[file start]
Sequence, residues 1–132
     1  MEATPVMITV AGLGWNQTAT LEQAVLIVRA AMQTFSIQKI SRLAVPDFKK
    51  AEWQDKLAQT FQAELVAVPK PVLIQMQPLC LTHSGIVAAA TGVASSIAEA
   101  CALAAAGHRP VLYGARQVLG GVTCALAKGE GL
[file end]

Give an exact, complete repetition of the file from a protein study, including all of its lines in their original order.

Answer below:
Sequence, residues 1–132
     1  MEATPVMITV AGLGWNQTAT LEQAVLIVRA AMQTFSIQKI SRLAVPDFKK
    51  AEWQDKLAQT FQAELVAVPK PVLIQMQPLC LTHSGIVAAA TGVASSIAEA
   101  CALAAAGHRP VLYGARQVLG GVTCALAKGE GL